Saturday, October 26, 2019

An education for all...

(stock photo - 1970)

To be a teacher today you have to be a psychologist, play therapist, mediator, mother/father figure, and humorist all rolled into one. It's not the easy job it once was; not to belittle teachers of the past but I think of the teachers I had growing up and they didn't need to have quite the skill set we do now. I've interviewed some retired teachers to check my thinking on this and they agree. Teaching has changed; the pay has not.  We work damn hard for our money and leave exhausted every day. Many of us work an hour (and sometimes more) at the end of the day to be ready for the next day and many of us spend weekend afternoons to plan for the week. It's a lot of planning to keep kids interested in what we teach. We have to figure out ways to integrate technology but not too much.  I don't want to give kids the perception that everything fun happens on a screen. I stress books, reading, board games, and lots of time outside and that is true for in school and out. I want students I work with to enjoy school both in the library and in their classroom.

(image - JennyXYoung)
My daughter - Groovy Girl - is in high school now, a senior! When I started this blog she was just beginning elementary school, which she loved!  She adored many of her teachers and was excited for the variety of activities they did. She hates school now and it crushes me.  She loves learning and watches a lot of cool educational documentaries for fun. She is opinionated and understands a great deal about the world around her.  So why do we squeeze the fun out of school at the middle and high school level? 

She is sleepy every morning as she trudges off to school.  She is tired from dance the night before and often stays up to midnight to finish homework.  As a parent I've questioned why are we still doing dance when it leaves very little time for homework yet it is her absolute JOY. How can I take that away from her? I can't. So we struggle through and she worries about if she'll make it in college based on her high school experience. She gets little help from school counselors and her teachers. She's smart, yet has to work hard, and she questions her ability all the time.  Sometimes when she takes a test (1-4 performance-based grade) and doesn't do well she has nowhere to turn. The class just moves on except technically they are supposed to reteach if kids are struggling.  I want her to be able  to retake a test to help her learn more.  I want her teachers to reach out and see her even if she is the only one struggling with concepts. Our system at least in high school fails in this.  She  feels horrible when she doesn't succeed and while I know the real world is often dog eat dog most jobs you learn as you go and you keep moving forward. We should allow failures to blossom into growth in all levels of education.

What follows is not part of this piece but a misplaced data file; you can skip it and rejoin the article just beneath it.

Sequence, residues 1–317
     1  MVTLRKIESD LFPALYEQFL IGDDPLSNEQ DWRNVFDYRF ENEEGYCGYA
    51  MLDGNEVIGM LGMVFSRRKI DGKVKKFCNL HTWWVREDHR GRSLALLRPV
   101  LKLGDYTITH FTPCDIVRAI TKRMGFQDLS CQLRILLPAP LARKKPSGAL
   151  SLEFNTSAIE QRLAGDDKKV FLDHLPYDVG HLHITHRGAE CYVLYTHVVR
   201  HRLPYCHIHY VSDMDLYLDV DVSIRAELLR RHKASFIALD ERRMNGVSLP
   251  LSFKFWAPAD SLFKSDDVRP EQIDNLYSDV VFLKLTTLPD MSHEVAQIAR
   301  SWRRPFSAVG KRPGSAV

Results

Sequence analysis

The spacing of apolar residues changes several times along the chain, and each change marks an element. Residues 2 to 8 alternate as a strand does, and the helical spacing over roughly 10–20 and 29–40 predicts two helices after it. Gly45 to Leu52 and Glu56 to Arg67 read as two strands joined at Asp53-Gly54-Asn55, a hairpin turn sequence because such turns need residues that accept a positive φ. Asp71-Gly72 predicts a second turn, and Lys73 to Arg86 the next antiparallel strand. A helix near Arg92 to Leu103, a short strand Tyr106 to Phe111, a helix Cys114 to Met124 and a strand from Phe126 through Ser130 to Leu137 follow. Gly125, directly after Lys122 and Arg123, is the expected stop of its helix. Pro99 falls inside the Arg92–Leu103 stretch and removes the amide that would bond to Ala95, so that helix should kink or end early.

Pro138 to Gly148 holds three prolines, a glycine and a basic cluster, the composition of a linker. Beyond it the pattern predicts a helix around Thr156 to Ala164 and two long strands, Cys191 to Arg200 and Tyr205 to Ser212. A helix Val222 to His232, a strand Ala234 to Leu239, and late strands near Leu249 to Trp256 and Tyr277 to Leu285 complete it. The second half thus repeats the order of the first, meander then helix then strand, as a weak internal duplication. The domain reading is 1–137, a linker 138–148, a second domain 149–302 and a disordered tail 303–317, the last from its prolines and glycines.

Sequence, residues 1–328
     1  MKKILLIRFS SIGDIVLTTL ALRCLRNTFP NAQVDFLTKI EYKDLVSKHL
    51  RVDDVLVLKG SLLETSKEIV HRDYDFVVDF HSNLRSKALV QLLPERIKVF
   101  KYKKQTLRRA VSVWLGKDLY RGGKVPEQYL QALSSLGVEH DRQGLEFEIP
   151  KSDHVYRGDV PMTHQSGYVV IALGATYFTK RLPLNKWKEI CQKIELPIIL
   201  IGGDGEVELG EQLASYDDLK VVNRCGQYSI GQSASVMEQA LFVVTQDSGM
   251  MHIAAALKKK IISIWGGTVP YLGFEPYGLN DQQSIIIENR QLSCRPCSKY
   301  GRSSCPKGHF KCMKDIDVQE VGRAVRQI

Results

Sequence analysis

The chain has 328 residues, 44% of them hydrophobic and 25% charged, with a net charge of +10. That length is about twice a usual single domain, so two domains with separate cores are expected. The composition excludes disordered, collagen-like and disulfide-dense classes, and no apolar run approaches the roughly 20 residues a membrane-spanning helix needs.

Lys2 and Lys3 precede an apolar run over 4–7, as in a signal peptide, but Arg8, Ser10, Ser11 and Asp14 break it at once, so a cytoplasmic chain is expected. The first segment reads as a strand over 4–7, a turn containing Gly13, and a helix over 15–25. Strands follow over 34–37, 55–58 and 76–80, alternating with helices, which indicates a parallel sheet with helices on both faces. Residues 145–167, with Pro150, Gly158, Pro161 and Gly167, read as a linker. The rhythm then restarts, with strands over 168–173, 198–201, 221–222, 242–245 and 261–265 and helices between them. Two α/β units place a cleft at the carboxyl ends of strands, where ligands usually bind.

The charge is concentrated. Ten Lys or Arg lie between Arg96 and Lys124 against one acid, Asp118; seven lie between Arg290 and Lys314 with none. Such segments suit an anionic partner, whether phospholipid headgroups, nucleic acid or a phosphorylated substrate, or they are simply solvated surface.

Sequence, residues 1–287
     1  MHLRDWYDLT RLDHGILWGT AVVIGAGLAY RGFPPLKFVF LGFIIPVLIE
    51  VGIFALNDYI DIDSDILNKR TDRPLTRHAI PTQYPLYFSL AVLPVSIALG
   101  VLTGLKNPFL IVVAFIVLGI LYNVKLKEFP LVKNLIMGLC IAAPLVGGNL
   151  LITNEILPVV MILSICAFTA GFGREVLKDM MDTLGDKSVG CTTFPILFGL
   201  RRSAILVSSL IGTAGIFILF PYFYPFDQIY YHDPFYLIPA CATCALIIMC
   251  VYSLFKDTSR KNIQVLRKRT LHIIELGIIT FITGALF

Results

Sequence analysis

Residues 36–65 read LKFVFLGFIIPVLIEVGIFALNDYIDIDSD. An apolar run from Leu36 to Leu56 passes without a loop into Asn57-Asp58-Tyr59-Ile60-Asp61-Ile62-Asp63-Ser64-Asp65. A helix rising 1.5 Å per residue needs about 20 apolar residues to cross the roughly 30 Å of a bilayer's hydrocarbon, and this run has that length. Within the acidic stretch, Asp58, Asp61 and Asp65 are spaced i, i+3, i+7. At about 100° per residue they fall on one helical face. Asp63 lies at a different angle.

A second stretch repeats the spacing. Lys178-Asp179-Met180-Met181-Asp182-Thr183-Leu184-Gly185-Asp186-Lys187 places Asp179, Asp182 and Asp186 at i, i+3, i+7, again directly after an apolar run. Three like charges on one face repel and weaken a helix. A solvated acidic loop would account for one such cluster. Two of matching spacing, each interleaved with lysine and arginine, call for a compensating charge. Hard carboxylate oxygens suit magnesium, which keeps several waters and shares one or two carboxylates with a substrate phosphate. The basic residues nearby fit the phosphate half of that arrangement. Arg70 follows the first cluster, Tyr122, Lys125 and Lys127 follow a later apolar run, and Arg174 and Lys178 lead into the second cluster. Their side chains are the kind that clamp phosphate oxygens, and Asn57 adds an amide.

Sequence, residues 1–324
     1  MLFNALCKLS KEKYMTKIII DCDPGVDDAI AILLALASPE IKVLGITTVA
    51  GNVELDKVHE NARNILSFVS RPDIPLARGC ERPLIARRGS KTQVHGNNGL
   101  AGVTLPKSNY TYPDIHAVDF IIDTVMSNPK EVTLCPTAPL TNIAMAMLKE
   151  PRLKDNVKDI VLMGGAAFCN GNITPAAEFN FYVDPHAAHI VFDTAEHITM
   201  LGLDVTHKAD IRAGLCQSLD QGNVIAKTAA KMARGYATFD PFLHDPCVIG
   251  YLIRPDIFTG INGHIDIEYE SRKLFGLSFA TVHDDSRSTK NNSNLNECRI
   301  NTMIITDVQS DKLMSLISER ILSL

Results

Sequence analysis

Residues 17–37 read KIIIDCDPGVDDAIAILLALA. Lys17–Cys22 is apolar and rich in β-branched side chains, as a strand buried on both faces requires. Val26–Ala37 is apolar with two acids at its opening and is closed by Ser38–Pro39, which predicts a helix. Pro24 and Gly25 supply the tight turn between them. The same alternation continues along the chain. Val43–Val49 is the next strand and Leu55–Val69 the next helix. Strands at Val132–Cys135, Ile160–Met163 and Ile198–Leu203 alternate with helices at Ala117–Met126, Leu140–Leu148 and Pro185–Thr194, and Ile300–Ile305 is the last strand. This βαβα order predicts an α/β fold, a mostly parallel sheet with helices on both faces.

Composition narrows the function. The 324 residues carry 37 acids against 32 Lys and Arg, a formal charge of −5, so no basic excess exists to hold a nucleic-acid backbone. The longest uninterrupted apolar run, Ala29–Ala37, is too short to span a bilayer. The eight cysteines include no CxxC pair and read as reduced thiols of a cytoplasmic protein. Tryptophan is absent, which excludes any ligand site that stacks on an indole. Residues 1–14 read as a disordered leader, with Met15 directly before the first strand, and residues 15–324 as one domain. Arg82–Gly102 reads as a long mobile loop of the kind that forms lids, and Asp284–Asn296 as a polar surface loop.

I am aware in all this that technology plays a role in her life and is often a HUGE hindrance in getting things accomplished.  She can access homework on her phone and uses it for flashcards and learning apps like Quizlet but often that leads to checking IG, watching SnapChat videos from friends, the list is endless. After a recent conversation she deleted some of her time-wasting apps, which made her happy; to be pro-active but then said she filled that time with dancing around the house instead of more homework!  I wish I had the answer or magical words to help.  I don't.  Do you?

Teachers and students of today have a mixed bag of trouble and triumph.  I hope she (and I) can make it through this year and that she will flourish in college. I want to enjoy this last year with her not spend every day helping her work out her frustrations and encouraging confidence in herself.

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